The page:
President of the African National Congress Nelson Mandela acknowledges cheers from the crowd as he prepares to unveil the ANC's official election platform in 1994. (AP Photo/David Brauchli)
African National Congress (ANC) leader Nelson Mandela greeted residents of Mmabatho in March 1994, during a visit after the nominal homeland came under South African control following the ousting of the former President Lucas Mangope. (Reuters/Howard Burditt)
South African President Nelson Mandela smiles with actor Sidney Poitier at a press conference in Cape Town in 1996. Poitier played Mandela in the film "One Man, One Vote" (AP Photo / Sasa Kralj)
South African President Nelson Mandela waves to crowds as he sits next to Queen Elizabeth II in a an open carriage on the way to Buckingham Palace.(AP/Louisa Buller)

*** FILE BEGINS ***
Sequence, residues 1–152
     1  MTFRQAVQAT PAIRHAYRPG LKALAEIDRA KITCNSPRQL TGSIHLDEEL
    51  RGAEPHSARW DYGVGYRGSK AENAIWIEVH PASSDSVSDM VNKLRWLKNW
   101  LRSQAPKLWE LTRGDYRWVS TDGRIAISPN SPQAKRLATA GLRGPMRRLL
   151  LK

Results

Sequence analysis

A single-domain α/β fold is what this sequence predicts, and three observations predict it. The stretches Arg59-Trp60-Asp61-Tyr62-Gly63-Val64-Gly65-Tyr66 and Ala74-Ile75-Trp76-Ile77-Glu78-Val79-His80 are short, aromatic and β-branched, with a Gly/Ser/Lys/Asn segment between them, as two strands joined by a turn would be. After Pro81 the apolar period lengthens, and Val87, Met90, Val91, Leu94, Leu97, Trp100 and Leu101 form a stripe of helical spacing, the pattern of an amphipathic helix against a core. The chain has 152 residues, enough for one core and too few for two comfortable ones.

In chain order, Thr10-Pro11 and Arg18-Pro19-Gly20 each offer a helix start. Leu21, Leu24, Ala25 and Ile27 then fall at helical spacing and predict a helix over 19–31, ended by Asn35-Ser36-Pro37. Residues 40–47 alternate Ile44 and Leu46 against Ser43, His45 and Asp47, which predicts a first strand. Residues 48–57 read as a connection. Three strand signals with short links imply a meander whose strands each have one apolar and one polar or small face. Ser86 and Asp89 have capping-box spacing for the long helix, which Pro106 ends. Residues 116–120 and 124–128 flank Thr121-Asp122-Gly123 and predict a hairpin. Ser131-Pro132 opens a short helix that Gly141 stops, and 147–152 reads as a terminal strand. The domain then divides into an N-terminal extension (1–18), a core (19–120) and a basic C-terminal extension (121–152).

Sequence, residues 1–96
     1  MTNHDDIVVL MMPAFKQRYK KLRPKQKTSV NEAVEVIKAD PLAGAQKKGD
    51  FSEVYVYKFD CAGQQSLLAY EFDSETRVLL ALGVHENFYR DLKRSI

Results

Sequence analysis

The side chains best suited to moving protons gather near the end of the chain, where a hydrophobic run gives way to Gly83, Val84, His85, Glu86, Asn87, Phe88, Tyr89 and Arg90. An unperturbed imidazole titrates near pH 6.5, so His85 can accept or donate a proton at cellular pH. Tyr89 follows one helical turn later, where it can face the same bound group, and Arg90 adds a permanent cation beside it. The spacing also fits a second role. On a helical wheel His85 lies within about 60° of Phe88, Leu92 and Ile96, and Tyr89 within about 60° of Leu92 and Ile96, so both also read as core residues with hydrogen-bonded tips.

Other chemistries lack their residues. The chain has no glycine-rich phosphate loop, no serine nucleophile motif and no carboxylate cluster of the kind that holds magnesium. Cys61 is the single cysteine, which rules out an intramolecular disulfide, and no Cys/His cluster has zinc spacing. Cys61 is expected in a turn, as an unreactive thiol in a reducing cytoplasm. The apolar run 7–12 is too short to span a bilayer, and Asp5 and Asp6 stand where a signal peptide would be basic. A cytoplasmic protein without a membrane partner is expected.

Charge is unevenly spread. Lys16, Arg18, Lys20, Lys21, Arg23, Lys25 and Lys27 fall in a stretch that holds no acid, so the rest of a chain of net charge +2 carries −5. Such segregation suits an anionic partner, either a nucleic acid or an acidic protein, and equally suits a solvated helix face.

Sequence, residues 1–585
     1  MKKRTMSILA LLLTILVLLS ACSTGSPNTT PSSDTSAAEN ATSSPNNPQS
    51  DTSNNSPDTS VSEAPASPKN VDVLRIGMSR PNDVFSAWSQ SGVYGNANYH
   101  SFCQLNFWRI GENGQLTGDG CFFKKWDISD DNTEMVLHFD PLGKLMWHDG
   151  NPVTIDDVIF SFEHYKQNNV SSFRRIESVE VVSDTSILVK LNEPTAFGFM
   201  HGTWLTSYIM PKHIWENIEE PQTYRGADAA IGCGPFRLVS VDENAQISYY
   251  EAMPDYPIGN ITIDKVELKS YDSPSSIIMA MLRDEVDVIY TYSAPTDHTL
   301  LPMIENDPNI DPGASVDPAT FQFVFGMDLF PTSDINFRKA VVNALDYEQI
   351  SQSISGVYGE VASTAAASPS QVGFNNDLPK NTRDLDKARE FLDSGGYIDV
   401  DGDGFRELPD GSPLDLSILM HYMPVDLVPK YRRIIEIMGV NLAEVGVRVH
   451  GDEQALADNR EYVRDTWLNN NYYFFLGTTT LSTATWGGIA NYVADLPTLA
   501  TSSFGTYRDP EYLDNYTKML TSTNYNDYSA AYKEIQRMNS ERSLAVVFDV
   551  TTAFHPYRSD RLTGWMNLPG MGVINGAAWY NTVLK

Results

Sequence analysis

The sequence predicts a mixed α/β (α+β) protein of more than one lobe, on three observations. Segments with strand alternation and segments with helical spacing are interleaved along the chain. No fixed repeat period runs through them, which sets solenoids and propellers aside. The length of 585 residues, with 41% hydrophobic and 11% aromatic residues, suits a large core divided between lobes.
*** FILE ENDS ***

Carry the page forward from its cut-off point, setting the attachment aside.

Chairman of the Constitutional Assembly Cyril Ramaphosa, left, holds up a copy of the country's constitution which was signed by President Nelson Mandela, in December 1996. (AP Photo / Adil Bradlow / POOL)
Nelson Mandela at a news conference in Johannesburg in February 2000. (AP Photo / Denis Farrell)
South African rugby captain Francois Pienaar, right, received the Rugby World Cup trophy from President Nelson Mandela also wearing a South African rugby shirt, after South Africa defeated New Zealand in the Rugby World Cup , in 1995. (AP Photo / Ross Setford)